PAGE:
This book was the result of collaboration between the We Are What We Do organisation and a government department, but WAWWD have their own website that has some great ideas for how we could all get involved in changing the world. At there are 100 simple suggestions that are based on both social and environmental change. Taken from the website, here is a simple suggestion of reading a story with a child. “When kids ask you to read a story to them it’s because they know something you don’t. They know you’ll both feel richer for the experience (they know they’ll get an extra half hour before bed as well).

“Remember how much you enjoyed the experience as a kid – how your imagination was captivated. Well now it’s your turn to pass on that feeling and experience how rewarding storytelling really is. And not having kids is no excuse. Read to a nephew or niece, a godchild or friend’s child. Local schools and libraries are often crying out for people to read to pupils. Reading and listening to books actually rewires a child’s brain, speeds up their grasp of language, helps reduce stress and boosts self esteem. So how terrible that 60% of children go to bed without a story.”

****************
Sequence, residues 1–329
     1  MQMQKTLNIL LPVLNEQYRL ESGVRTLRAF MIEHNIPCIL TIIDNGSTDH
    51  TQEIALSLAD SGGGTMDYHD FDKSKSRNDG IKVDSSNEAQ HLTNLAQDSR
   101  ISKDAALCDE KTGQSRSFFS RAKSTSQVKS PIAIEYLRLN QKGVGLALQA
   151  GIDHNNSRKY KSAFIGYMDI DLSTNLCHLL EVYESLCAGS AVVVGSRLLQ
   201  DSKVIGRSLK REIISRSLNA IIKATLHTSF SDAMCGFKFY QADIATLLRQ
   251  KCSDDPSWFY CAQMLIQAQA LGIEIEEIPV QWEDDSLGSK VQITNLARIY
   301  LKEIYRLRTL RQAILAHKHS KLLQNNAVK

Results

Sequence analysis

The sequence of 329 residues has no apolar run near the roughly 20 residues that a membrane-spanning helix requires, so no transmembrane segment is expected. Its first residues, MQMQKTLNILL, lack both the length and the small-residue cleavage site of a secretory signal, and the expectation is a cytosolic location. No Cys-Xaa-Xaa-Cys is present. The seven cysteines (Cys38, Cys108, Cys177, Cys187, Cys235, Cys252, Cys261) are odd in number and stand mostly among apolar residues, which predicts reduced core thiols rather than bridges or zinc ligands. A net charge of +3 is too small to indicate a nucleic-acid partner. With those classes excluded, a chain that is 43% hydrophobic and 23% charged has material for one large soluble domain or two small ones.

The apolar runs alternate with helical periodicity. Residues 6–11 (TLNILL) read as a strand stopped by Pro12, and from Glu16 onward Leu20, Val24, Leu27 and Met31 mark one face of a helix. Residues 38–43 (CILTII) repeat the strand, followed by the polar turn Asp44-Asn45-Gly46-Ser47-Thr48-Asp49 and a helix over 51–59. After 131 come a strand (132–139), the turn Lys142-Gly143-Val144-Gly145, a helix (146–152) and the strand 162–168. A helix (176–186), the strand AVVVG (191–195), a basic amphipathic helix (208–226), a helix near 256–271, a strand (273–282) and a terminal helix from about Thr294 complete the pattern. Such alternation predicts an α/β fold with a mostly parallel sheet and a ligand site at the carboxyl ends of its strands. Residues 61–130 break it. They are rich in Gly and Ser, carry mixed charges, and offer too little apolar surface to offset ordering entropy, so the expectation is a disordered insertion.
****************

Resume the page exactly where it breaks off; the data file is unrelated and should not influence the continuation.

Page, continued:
If you don’t have any children yourself it almost makes you want to rush around to the neighbour’s and offer your services. It would be good, however, to at least have some kind of relationship with them. If it is just based on a friendly morning ‘hello’ in the driveway they may be suspicious if you insist on reading their precious child a bedtime story!

There are other suggestions such as planting a tree or having more meals together. Apparently researchers have found that children who have meals with their parents are much less likely to suffer from anxiety or stress disorders. I think it was George Bush Senior who once said that America needed more families like the Waltons and less like the Simpsons! Mind you I have certainly laughed out loud more times while watching the Simpsons than I ever did at the Waltons and to be fair, even in the Simpsons they tend to sit at a table and eat together.

It’s good to see that there are people out there who are trying to encourage us all to change. It would be very easy in this new ‘recession’ era to focus on ourselves and selfishly think ‘what about me’. Indeed there is a universal law that suggests the more we take our minds off ourselves and do something for others the lighter our own burdens become.

Don’t wait for some government body to start a project like Teach Your Granny To Text here. Instead if you do have the opportunity of being in a child’s company in the next few days ask them the question yourself: “So what would you ask one million people to do in order to change the world?”